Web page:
HealthDay News — Higher rates of HIV diagnoses are seen among users of U.K. mental health services versus the general population, according to a study published online April 25 in BMJ Open.
Margaret Heslin, Ph.D., from King’s College London in the United Kingdom, and colleagues examined the prevalence of HIV in a cohort of people who used secondary mental health services. The analysis included 181,177 people who had contact with mental health services for the first time between 2007 and 2018.
The researchers found that 2.47 percent of the cohort had a recorded HIV diagnosis in national HIV surveillance data at any time (before, during, or after contact with mental health services). In people with a diagnosed substance use disorder, HIV point prevalence was highest (3.77 percent). More than one-quarter of the sample did not have a formal mental health diagnosis (27 percent), but even when excluding those individuals, the point prevalence remained high at 2.31 percent. Just over two-thirds of people had their diagnosis of HIV before contact with mental health services (67 percent).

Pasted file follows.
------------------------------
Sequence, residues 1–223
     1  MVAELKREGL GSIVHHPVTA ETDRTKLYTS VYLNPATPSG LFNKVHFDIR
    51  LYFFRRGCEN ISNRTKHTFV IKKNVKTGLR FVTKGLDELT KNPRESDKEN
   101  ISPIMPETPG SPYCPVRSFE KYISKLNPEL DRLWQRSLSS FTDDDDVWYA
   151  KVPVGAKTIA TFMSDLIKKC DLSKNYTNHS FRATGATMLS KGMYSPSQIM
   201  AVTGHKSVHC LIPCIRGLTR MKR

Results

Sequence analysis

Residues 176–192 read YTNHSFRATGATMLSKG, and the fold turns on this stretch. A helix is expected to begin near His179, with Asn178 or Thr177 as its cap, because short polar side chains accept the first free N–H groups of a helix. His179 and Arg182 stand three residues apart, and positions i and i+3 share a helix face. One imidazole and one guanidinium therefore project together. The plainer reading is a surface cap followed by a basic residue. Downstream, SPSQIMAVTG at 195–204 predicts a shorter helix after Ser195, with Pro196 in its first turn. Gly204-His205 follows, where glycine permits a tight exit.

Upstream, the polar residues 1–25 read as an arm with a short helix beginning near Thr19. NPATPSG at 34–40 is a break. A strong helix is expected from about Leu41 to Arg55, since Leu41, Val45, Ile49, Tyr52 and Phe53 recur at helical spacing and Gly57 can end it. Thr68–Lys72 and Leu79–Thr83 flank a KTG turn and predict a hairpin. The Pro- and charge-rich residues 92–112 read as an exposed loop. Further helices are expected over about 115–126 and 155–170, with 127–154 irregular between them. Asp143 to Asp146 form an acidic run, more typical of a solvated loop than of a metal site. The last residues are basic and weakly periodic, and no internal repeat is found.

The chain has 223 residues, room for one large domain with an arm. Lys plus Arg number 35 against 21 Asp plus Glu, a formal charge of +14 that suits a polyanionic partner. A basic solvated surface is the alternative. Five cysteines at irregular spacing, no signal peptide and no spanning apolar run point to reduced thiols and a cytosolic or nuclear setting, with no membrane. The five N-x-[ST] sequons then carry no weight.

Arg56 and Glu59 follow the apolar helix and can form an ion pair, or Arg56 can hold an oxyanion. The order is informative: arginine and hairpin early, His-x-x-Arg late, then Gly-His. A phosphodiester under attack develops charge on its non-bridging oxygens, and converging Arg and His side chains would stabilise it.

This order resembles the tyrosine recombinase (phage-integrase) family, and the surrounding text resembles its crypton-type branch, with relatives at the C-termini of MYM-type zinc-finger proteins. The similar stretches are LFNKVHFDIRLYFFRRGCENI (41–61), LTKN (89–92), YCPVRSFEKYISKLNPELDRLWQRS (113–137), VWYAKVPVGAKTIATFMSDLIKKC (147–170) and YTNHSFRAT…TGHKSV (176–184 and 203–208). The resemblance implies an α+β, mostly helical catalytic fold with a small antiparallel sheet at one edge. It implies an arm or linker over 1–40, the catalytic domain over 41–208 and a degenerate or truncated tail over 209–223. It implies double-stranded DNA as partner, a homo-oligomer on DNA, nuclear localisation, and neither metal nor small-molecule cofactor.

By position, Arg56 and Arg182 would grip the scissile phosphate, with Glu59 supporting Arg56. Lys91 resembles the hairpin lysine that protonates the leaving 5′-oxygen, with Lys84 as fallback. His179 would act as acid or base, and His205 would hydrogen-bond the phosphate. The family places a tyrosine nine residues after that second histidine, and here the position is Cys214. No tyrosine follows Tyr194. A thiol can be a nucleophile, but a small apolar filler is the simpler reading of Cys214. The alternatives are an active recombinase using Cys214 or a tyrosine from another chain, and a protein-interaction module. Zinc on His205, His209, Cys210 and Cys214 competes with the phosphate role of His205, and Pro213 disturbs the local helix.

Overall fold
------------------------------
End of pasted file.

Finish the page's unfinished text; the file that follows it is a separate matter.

“The prevalence of HIV in people who have had contact with mental health services was approximately 2.5 times higher than the general population in the same geographical area,” the authors write.